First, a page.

Sorrow and pain are sometimes dumb, but, in Eastern natures, more often eloquent; finding ease in recounting their pangs. The psalmist's first words of self-lamentation echo familiar strains, as he bases his cry for speedy answer on the swiftness with which his days are being whirled away, and melting like smoke as it escapes from a chimney. The image suggests another. The fire that makes the smoke is that in which his very bones are smouldering like a brand. The word for bones is in the singular, the bony framework being thought of as articulated into a whole. "Brand" is a doubtful rendering of a word which the Authorised Version, following some ancient Jewish authorities, renders hearth, as do Delitzsch and Cheyne. It is used in Isa. xxxiii. 14 as = "burning," but "brand" is required to make out the metaphor. The same theme of physical decay is continued in ver. 4, with a new image struck out by the ingenuity of pain. His heart is "smitten" as by sunstroke (compare Psalm cxxi. 6, Isa. xlix. 10, and for still closer parallels Hosea ix. 16, Jonah iv. 7, in both of which the same effect of fierce sunshine is described as the sufferer here bewails). His heart withers like Jonah's gourd. The "For" in ver. 4b can scarcely be taken as giving the reason for this withering. It must rather be taken as giving the proof that it was so withered, as might be concluded by beholders from the fact that he refused91 his food (Baethgen). The psalmist apparently intends in ver. 5 to describe himself as worn to a skeleton by long-continued and passionate lamentations. But his phrase is singular. One can understand that emaciation should be described by saying that the bones adhered to the skin, the flesh having wasted away, but that they stick to the flesh can only describe it, by giving a wide meaning to "flesh," as including the whole outward part of the frame in contrast with the internal framework. Lam. iv. 8 gives the more natural expression. The psalmist has groaned himself into emaciation. Sadness and solitude go well together. We plunge into lonely places when we would give voice to our grief. The poet's imagination sees his own likeness in solitude-loving creatures. The pelican is never now seen in Palestine but on Lake Huleh. Thomson ("Land and Book," p. 260: London, 1861) speaks of having found it there only, and describes it as "the most sombre, austere bird I ever saw." "The owl of the ruins" is identified by Tristram ("Land of Israel," p. 67) with the small owl Athene meridionalis, the emblem of Minerva, which "is very characteristic of all the hilly and rocky portions of Syria." The sparrow may be here a generic term for any small song-bird, but there is no need for departing from the narrower meaning. Thomson (p. 43) says: "When one of them has lost his mate—an every-day occurrence—he will sit on the housetop alone and lament by the hour."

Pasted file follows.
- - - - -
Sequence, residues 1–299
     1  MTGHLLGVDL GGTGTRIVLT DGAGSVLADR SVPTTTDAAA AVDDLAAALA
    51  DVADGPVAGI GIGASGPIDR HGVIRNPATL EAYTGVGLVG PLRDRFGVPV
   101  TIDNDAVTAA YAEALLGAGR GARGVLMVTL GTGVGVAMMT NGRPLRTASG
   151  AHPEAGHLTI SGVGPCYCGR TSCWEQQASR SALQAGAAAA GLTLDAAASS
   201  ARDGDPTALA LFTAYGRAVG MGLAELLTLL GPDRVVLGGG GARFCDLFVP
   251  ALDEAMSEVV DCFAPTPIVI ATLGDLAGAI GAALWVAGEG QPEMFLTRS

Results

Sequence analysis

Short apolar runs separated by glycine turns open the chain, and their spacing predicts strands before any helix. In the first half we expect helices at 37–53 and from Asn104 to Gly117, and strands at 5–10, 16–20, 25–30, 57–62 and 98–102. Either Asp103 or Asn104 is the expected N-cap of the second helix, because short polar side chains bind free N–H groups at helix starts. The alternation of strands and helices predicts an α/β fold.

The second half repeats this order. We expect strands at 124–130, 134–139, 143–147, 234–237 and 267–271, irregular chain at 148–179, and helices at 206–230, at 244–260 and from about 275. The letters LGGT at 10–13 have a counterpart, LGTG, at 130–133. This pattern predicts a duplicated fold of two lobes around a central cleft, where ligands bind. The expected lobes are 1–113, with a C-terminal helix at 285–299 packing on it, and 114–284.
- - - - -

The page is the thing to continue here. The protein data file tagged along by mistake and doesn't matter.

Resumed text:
The division of ver. 7 is singular, as the main pause in it falls on "am become," to the disruption of the logical continuity. The difficulty is removed by Wickes ("Accentuation of the Poetical Books," p. 29), who gives several instances which seem to establish the law that, in the musical accentuation, there is "an apparent92 reluctance to place the main dividing accent after the first, or before the last, word of the verse." The division is not logical, and we may venture to neglect it, and arrange as above, restoring the dividing accent to its place after the first word. Others turn the flank of the difficulty by altering the text to read, "I am sleepless and must moan aloud" (so Cheyne, following Olshausen).

Yet another drop of bitterness in the psalmist's cup is the frantic hatred which pours itself out in voluble mockery all day long, making a running accompaniment to his wail. Solitary as he is, he cannot get beyond hearing of shrill insults. So miserable does he seem, that enemies take him and his distresses for a formula of imprecation, and can find no blacker curse to launch at other foes than to wish that they may be like him. So ashes, the token of mourning, are his food, instead of the bread which he had forgotten to eat, and there are more tears than wine in the cup he drinks.

But all this only tells how sad he is. A deeper depth opens when he remembers why he is sad. The bitterest thought to a sufferer is that his sufferings indicate God's displeasure; but it may be wholesome bitterness, which, leading to the recognition of the sin which evokes the wrath, may change into a solemn thankfulness for sorrows which are discerned to be chastisements, inflicted by that Love of which indignation is one form. The psalmist confesses sin in the act of bewailing sorrow, and sees behind all his pains the working of that hand whose interposition for him he ventures to implore. The tremendous metaphor of ver. 10b pictures it as thrust forth from heaven to grasp the feeble sufferer, as an eagle stoops to plunge its talons into a lamb. It lifts him high, only to give93 more destructive impetus to the force with which it flings him down, to the place where he lies, a huddled heap of broken bones and wounds. His plaint returns to its beginning, lamenting the brief life which is being wasted away by sore distress. Lengthening shadows tell of approaching night. His day is nearing sunset. It will be dark soon, and, as he has said (ver. 4), his very self is withering and becoming like dried-up herbage.